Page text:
Back in July, FOX 4's Steve Noviello did what many people never have the chance to do -- he confronted the person who allegedly stole his identity.
She never talked, but a self-confessed identity thief spoke exclusively to FOX 4 recently. He says he took North Texans for hundreds of thousands of dollars.
The former fraudster said that knowing how he got away with it can keep you from becoming the next target.
He's one of six self-confessed criminals who saw FOX 4's story and contacted us to tell their own.
"She didn't answer your questions about how it happened, so I felt like it was my responsibility to let you know everything I know," said the former thief. "This is my way of making amends for some of the wrongs I've done."
Ironically, despite the statute of limitations on his crimes having expired, he wanted his identity protected.
In exchange, he told us what he's never told anyone else -- exactly how, for two years, he targeted North Texans.
"How much money do you think you got away with?" said Noviello.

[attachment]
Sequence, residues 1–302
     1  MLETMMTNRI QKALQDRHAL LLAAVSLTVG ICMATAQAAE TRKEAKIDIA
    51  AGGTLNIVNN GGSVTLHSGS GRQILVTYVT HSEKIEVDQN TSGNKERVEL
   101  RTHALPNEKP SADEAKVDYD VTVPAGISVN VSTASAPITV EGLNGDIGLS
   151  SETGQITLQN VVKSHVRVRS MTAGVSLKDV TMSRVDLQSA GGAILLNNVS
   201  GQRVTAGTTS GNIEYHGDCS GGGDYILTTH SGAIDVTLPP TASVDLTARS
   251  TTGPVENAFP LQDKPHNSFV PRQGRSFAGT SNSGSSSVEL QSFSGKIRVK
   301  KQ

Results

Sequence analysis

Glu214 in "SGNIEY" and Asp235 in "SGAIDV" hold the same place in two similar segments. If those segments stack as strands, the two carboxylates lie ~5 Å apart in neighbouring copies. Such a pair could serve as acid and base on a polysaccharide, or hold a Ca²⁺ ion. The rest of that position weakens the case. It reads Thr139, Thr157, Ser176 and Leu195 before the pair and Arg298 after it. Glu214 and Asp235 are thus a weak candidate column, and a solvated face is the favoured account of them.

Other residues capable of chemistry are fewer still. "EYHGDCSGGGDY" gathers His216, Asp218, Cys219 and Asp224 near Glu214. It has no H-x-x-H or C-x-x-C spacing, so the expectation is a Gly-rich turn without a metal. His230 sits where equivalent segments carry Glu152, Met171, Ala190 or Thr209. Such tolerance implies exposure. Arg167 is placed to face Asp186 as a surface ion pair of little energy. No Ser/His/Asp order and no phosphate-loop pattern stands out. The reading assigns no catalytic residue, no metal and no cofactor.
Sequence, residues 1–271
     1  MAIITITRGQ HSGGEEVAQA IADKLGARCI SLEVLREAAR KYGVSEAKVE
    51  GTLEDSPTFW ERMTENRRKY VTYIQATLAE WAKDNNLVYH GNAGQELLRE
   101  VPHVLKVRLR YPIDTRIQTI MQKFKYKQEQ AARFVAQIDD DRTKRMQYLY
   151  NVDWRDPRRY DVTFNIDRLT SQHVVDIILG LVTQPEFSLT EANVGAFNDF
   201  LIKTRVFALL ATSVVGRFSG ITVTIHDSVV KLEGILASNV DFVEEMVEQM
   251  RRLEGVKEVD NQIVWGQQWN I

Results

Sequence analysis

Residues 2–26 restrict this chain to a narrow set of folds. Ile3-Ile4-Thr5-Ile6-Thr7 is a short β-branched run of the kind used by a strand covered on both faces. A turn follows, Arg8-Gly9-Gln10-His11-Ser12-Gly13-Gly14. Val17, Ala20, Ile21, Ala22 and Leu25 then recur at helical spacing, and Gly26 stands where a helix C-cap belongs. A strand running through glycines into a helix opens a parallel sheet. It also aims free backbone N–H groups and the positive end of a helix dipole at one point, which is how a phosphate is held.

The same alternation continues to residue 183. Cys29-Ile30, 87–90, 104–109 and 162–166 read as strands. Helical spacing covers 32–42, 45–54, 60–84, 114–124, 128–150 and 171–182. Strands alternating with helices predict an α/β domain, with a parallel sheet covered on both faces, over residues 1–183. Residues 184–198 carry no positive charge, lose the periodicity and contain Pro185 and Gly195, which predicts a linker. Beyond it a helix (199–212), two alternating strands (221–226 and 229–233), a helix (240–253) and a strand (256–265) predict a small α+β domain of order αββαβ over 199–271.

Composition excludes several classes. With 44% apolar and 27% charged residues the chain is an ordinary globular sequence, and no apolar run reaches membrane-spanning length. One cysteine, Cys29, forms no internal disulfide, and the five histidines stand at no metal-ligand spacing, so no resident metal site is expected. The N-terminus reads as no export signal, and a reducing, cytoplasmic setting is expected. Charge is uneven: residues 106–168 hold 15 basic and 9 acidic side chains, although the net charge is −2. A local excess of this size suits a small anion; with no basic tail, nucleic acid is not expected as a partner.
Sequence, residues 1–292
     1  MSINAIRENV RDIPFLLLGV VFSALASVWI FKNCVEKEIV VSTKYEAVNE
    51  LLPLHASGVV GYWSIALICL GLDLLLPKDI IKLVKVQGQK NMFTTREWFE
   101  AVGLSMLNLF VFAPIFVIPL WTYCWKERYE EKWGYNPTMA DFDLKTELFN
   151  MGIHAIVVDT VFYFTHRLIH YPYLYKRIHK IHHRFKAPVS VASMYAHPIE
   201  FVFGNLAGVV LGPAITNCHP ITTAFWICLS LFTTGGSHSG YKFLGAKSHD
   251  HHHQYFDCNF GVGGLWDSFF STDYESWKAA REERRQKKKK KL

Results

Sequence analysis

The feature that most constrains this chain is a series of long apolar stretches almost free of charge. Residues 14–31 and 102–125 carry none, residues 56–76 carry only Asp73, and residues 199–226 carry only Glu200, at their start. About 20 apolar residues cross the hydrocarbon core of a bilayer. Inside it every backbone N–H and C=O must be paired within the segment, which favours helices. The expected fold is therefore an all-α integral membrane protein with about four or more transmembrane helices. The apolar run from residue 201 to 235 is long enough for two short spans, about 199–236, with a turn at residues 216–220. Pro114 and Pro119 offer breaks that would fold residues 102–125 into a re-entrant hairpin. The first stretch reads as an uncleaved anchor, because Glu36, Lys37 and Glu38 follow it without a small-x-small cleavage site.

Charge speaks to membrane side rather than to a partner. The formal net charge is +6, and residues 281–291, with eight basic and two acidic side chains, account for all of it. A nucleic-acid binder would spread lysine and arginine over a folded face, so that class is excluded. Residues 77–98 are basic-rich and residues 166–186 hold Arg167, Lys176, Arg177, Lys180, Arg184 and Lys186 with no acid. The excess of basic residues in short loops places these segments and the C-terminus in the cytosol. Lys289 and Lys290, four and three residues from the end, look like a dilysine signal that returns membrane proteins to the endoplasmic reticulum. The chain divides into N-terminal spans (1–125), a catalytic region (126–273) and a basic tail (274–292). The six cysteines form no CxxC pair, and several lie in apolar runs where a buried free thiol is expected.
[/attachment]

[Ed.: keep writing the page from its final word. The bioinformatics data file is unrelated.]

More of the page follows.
"Hundreds of thousands of dollars," said the former criminal. "It really got to the point where it only took about five minutes."
The former criminal confesses that card numbers can be collected almost anywhere: they're for sale online, secured through skimmers at ATMs and gas stations or even at restaurants, where he says all it takes is a willing waiter to get all the numbers you need
"There are little devices you can wear around your neck and it will store credit card information that you can pull from the device later," said the former criminal.
New chip technology in credit cards generates a unique transaction number with each use, which makes that harder. But far more lucrative than stealing the credit you have is creating new credit in your name, and that starts at your mailbox, especially the kind with easy access.
Mailboxes line the streets in most North Texas neighborhoods and are simple to spot with Google Earth Street View. Inside, right around the first of the year, are tax documents with enough personal information needed to assume your identity.